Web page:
Through increased flight connectivity and new FDI incentives, the Ecuadorian government is determined to make tourism one of the leading sectors of its economy.
Ecuador is a fast-growing travel destination, and the government is now looking to turn the tourism sector into a long-term economic engine through new initiatives introduced in its Invest Ecuador Tourism program.
The push comes as visitors to the South American nation jumped 51%, going from 1.6 million in 2017 to 2.42 million in 2018, although the entry of a large number of Venezuelan refugees accounts for a portion of the jump.
Long touted as a destination rich in biodiversity, visitors to Ecuador have been attracted by the nation’s four distinct regions, including the world-renowned Galápagos Islands, the Andes mountain range, the Amazon rainforest basin, and the Pacific coast lowlands.
Blessed with natural beauty, the government is now seeking to grow the tourism sector, and FDI in the industry through improved and expanded transportation infrastructure, as well as new incentives to invite international companies, according to Ecuador’s Minister of Tourism Rosi Prado de Holguín.
“The goal is for tourism to become Ecuador’s second-most important magnet of foreign currency after non-renewable resources,” Prado de Holguín told TBY. “We need to significantly increase the figure of 1.5 million tourists per year to achieve this goal.”
In effort to reach this goal, the government has invested heavily in infrastructure, opening three new international airports and renovating 12 existing airports in recent years. At the same time, 7,261km of roads were also expanded and renovated to connect urban areas and ports along the Pacific coast to accommodate the arrival of international cruise ships.
The developments come as Ecuador’s middle class has doubled over the last decade. The nation is advancing its image as a stable and growing economic power, helped by the construction of eight new hydroelectric dams that have doubled the nation’s energy capacity and will further fuel future growth with sustainable, low-cost electricity.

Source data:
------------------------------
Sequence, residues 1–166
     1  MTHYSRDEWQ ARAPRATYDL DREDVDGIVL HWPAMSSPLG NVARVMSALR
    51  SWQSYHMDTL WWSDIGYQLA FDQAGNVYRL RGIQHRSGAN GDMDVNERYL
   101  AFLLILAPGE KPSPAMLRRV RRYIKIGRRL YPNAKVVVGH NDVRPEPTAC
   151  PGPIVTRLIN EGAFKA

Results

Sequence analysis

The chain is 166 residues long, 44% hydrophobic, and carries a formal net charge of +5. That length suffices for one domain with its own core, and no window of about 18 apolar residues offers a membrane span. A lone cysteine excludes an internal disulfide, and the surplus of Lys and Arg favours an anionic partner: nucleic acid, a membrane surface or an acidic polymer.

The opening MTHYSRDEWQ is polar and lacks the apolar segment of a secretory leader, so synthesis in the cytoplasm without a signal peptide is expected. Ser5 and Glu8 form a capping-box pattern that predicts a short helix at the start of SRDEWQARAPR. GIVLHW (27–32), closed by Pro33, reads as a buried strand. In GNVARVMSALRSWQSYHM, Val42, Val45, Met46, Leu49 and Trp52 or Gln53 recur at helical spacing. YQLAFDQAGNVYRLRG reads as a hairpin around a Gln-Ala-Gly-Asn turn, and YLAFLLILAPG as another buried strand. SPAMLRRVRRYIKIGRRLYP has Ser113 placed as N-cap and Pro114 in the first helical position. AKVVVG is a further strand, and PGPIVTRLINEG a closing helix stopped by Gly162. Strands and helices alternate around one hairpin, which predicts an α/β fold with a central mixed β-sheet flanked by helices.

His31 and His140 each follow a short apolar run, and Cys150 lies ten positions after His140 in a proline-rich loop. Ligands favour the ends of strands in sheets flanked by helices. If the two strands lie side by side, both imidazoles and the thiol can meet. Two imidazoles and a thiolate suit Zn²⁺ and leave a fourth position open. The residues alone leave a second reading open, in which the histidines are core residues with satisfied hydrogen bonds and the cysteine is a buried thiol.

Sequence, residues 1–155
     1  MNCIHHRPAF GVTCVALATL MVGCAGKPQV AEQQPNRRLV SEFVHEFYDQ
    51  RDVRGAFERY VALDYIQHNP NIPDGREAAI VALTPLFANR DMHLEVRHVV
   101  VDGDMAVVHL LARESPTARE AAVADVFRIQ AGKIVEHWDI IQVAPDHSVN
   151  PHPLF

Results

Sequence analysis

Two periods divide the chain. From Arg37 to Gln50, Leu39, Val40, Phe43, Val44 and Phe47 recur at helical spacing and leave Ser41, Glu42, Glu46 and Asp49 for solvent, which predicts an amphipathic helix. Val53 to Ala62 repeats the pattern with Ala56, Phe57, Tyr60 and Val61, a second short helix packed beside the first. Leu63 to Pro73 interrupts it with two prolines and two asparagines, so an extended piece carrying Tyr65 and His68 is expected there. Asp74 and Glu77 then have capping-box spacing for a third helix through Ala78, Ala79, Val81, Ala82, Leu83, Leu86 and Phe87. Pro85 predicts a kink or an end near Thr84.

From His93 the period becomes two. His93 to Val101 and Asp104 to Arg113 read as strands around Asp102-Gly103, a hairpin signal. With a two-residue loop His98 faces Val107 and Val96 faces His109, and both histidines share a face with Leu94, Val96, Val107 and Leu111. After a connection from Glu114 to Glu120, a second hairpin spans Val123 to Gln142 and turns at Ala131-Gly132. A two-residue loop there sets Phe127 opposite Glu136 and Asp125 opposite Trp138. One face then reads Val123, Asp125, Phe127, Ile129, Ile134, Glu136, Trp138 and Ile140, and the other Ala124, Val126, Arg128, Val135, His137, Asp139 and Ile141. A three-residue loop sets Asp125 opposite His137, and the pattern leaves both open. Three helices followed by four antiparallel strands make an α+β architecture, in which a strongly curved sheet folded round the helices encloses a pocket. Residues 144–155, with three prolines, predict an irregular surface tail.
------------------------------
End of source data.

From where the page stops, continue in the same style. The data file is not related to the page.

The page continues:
Still, tourism is a priority for the Ecuadorian government and has been boosted primarily by increased flight connections to the US and European nations. In 2018, tourism from Spain increased 75% after Spanish airlines opened direct flights to Quito and Guayaquil, according to Prado de Holguín. In May 2019, Air France also resumed direct flights to Ecuador after a 25-year pause, while the Brazilian Gol Airlines and LATAM Airlines have also increased regional connectivity to Ecuador.
Noting many tourists tend to visit more than one country in the region, Prado de Holguín said his ministry is also working with neighboring Peru and Colombia to provide comprehensive travel packages that would offer comprehensive itineraries including “a visit to Peru’s Machu Picchu, Ecuador’s Galápagos, and Colombia’s Bogotá or Cartagena in a single package, for example.”
Meanwhile, new incentives introduced under the government’s Invest Ecuador Tourism Program have helped drive the ongoing increase in international tourism, which has grown three times faster than the global average in recent years. From business-friendly tax incentives to a liberal visa policy, investment opportunities were presented at the SAHIC 2019 event, a world-class networking summit for tourism and real estate investment held for the first time in Quito.
The push has led to new investments in five-star and boutique hotels throughout Ecuador with support from the government. Such developments are the culmination of reforms over the last 15 years, which have re-crafted tax and customs duties as well as improved mechanisms for dispute resolutions aimed at giving international investors distinct advantages in Ecuador.
In addition, Ecuador has entered various FTAs and double taxation avoidance agreements to boost its competitive edge, and, in 2018, the Productive Promotion and Attraction of Foreign Investment Law was passed to create further incentives for international business owners.